Given that there was a seemingly endless amount of work that needed to be done in my own garden this past weekend, I chucked the whole idea of weeding a mowing for a day and decided to go to a garden where I could just stop and smell the roses for a change. So Kevin, Colin and I packed up and headed out to the Devonian Botanical Garden, about 35 km outside of Edmonton.
On about 190 acres of arid Alberta farmland, the University of Alberta has installed traditional Alpine and Japanese gardens, herb, perennial and water gardens, and several display greenhouses. Although the past few years of serious drought have left the grounds a little dry, it's still an oasis of green in the heart of the Alberta plains. Visiting always makes me a little heartsick for the lush royal gardens we toured in Europe, but I'm also heartened by the fact the someone--some foolhardy transplanted gardener, no doubt--cared enough about being surrounded by beauty to go to all the trouble to create this magnificent garden in a region where things only grow three months out of the year.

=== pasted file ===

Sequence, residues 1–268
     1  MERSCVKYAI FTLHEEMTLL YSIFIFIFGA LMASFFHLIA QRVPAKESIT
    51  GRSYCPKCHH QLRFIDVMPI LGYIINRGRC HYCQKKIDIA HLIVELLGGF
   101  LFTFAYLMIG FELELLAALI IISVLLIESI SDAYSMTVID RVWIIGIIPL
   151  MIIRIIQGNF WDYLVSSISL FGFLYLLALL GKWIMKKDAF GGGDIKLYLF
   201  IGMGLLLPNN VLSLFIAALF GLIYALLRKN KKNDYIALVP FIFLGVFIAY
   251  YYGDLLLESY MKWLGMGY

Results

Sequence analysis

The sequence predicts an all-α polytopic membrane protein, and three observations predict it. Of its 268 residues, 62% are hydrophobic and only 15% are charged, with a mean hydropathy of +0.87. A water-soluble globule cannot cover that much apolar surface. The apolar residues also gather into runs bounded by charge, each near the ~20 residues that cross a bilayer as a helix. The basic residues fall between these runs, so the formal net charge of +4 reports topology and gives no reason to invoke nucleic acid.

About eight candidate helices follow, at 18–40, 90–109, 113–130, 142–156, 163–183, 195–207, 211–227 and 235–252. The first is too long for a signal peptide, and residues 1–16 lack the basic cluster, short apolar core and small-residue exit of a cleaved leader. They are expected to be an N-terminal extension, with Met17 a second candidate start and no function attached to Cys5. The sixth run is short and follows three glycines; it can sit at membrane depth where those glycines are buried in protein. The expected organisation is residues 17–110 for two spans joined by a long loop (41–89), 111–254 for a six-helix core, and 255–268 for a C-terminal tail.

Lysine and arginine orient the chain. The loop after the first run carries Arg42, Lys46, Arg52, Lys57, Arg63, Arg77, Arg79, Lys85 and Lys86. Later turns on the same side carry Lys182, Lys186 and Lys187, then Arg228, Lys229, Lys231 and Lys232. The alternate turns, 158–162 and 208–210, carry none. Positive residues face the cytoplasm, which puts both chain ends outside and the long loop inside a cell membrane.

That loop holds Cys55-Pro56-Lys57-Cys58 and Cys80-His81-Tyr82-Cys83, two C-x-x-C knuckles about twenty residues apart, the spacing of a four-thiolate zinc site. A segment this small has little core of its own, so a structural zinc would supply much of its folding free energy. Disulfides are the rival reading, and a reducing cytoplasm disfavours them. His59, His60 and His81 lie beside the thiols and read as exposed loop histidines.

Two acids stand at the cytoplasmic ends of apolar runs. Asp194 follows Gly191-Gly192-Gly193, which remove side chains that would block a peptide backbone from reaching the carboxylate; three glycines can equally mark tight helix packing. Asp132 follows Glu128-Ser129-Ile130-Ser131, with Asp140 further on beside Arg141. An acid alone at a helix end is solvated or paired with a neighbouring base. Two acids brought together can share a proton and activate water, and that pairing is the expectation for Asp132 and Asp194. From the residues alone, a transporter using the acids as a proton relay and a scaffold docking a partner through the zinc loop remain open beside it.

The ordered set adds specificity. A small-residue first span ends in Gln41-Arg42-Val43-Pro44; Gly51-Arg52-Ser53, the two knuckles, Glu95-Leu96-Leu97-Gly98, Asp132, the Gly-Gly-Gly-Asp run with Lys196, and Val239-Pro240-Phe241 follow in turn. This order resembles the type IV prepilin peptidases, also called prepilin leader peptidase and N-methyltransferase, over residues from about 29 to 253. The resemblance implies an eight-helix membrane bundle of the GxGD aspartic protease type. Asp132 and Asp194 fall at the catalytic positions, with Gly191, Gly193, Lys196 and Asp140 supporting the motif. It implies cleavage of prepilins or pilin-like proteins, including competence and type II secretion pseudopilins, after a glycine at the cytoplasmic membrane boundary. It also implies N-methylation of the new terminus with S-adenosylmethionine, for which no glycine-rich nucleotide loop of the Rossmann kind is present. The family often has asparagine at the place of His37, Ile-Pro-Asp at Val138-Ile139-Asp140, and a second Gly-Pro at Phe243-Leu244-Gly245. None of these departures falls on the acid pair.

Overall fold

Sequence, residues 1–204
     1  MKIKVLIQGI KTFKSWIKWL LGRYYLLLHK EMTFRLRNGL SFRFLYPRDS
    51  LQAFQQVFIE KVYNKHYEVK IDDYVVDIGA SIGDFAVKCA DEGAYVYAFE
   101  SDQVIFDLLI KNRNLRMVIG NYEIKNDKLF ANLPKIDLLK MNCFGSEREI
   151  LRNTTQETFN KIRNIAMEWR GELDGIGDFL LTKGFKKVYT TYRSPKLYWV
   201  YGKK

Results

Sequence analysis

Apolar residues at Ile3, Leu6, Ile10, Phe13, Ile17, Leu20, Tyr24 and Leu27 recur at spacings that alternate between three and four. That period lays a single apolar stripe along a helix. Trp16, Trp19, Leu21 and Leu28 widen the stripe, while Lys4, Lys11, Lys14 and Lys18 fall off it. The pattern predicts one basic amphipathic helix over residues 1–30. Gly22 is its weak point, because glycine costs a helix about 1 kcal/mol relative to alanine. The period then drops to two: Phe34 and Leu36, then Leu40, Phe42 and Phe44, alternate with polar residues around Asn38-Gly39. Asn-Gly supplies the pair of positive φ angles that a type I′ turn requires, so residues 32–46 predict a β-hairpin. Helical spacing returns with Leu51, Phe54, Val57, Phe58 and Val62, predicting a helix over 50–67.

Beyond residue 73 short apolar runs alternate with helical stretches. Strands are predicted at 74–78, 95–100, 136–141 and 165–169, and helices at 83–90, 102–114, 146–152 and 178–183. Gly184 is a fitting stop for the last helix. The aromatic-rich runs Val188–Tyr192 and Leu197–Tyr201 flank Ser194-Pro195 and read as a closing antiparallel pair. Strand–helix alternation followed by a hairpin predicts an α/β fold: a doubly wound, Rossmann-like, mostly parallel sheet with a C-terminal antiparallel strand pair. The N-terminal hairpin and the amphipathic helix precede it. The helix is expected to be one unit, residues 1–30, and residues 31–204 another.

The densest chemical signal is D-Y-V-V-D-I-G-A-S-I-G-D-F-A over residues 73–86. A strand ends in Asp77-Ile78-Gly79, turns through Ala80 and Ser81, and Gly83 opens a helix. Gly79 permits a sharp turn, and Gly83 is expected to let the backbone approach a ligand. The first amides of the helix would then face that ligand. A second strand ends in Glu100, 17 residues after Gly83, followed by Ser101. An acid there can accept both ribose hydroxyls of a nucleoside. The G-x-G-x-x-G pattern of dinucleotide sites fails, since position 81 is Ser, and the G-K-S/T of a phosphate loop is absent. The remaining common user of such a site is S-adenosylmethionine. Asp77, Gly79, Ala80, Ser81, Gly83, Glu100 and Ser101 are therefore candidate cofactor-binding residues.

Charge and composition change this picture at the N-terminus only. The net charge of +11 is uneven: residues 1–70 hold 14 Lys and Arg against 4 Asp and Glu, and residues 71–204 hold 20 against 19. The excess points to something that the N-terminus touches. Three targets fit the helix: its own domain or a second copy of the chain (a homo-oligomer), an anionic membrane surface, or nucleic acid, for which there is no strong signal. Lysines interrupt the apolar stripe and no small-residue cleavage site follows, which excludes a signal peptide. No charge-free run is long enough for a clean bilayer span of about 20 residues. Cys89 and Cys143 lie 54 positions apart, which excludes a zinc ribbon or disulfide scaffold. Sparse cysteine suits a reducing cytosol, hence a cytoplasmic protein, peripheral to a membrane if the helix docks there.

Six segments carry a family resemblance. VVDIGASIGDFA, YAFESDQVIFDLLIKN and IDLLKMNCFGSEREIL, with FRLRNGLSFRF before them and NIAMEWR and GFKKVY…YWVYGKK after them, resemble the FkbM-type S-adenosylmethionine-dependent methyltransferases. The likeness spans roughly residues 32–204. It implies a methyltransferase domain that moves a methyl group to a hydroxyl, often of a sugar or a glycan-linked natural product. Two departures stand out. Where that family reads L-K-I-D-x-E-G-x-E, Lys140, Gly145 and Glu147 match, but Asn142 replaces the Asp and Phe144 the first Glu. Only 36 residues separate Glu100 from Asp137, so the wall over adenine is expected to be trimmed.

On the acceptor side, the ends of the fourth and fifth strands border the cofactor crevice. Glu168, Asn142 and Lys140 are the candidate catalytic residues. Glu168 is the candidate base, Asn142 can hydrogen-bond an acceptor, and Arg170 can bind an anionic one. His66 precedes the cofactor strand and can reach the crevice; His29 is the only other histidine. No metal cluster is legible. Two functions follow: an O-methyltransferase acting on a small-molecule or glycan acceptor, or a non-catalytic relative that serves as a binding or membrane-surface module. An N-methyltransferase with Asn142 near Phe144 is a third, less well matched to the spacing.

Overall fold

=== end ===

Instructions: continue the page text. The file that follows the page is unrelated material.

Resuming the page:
And when we were there this past week, the gardens where in their full glory. The poppies, irises, and lilacs were all at their peak, and the air was practically humming with bees and butterflies. Colin found the butterflies particularly enchanting. He was also, unfortunately, enchanted by all the open bodies of water and kept trying to hurl himself into the cala and lily ponds. Still, it's a garden to be thankful for--only thank God I didn't have to mow it!
"Gather ye rosebuds while ye may..."
Ironically, the Rosa arkansana has failed to really flourish in the Alberta soil.
Kevin leading Colin on his first Alpine hike.
The Japanese Garden
As far as I can tell, the only things growing in the "Plants of Alberta" bed are weeds.
Colin liked the curves on this one.